Facing “precarious moment,” Jacksonville Symphony hopes to retool

Posted on: December 6, 2012

In Wednesday’s (12/5) Florida Times-Union (Jacksonville), Charlie Patton writes, “Martin Connor, chairman-elect of the Jacksonville Symphony Association, told the Times-Union editorial board Tuesday that ‘it’s hard to exaggerate the seriousness of our problem.’ He was talking about the operating deficits the symphony has been experiencing for years and the accumulated debt, which he says is about $3 million. Part of the symphony association’s approach to dealing with that debt has been to make a contract offer that shortens the symphony season and reduces the annual base salary of the musicians by almost 20 percent, to about $32,000. But the association has taken other steps to improve its operations and its finances, Connor and executive director Stacy Ridenour said during the meeting. Connor said the symphony board of directors has been ‘completely, though quietly, overhauled in recent months’ and that the executive committee has new members who are ‘aggressively reviewing all aspects of the symphony’s activities.’ … The musicians have not agreed to [the current contract] offer and the symphony board declared a negotiating impasse in September and imposed its salary offer. The union decided not to strike and musicians have been working for the reduced salary while pursuing an unfair labor practices charge with the National Labor Relation Board.”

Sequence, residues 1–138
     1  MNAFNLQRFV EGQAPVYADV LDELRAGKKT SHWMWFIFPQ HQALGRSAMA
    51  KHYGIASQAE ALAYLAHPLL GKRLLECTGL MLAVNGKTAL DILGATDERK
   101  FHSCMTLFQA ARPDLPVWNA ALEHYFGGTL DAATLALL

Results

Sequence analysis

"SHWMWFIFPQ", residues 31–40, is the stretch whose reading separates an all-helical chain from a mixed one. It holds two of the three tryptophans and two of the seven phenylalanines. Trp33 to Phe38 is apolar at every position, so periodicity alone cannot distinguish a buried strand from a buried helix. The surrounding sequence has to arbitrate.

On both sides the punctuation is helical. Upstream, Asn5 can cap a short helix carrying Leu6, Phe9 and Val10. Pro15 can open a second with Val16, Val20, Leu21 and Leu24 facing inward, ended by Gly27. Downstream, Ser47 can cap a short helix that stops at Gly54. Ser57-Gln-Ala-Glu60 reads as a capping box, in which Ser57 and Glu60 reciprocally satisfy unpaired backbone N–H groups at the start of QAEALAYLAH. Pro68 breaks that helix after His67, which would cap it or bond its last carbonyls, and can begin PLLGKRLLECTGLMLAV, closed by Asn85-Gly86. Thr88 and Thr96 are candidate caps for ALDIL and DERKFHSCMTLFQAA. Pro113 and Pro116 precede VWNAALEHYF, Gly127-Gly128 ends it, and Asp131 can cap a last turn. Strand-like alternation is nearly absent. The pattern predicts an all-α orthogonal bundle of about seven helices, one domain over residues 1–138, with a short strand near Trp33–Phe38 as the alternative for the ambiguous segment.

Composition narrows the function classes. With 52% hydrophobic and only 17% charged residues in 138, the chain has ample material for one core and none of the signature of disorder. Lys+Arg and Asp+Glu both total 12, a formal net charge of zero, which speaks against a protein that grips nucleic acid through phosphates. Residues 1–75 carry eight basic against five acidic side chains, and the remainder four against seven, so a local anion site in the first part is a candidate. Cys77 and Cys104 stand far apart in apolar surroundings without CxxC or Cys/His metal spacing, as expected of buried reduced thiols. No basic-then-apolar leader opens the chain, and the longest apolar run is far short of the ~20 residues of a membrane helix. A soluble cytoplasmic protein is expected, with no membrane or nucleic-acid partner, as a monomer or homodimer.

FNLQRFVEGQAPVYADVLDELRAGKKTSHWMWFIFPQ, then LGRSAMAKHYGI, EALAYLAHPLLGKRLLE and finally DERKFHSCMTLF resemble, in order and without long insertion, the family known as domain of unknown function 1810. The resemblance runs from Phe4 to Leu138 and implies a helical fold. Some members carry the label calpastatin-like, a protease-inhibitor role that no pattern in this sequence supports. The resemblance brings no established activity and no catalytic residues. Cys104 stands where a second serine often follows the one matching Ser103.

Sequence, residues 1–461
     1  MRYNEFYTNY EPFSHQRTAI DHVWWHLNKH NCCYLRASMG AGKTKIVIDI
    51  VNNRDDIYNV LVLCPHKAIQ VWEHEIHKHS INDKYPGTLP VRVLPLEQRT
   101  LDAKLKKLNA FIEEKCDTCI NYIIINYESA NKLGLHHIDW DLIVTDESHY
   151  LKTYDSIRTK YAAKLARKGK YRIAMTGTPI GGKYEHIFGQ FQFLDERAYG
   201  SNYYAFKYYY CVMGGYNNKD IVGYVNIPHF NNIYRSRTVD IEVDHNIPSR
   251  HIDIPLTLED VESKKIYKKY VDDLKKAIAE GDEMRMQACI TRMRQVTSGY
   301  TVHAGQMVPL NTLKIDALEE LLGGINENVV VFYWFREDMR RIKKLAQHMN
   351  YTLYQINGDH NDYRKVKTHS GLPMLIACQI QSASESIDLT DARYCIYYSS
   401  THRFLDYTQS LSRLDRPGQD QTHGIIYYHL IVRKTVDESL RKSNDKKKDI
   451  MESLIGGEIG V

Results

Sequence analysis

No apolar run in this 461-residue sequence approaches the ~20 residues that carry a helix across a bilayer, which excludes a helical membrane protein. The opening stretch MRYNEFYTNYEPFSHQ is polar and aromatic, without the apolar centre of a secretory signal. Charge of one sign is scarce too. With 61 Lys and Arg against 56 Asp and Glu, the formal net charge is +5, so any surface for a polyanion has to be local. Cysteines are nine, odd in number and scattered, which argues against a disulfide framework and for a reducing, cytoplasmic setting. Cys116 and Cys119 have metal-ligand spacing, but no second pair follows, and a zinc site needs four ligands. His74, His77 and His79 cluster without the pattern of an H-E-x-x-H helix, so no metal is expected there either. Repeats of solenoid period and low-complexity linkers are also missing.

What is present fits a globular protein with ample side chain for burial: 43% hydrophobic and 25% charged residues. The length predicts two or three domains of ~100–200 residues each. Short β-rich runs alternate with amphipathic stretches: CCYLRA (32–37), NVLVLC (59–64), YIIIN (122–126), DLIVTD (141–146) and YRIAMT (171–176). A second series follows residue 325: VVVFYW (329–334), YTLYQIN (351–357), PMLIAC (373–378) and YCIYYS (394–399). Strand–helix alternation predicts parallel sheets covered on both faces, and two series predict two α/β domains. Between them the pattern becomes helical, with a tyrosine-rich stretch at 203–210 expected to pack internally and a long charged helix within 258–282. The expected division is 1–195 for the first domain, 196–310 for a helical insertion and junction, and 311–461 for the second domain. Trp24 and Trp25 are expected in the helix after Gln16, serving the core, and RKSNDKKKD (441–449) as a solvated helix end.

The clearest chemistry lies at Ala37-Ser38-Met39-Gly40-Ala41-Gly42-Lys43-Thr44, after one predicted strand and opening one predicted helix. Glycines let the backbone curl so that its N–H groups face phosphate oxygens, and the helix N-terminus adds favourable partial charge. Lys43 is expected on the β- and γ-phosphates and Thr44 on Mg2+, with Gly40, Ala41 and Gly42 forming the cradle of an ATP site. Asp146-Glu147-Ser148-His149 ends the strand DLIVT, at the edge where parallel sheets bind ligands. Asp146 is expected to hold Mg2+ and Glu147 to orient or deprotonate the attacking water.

Posted December 6, 2012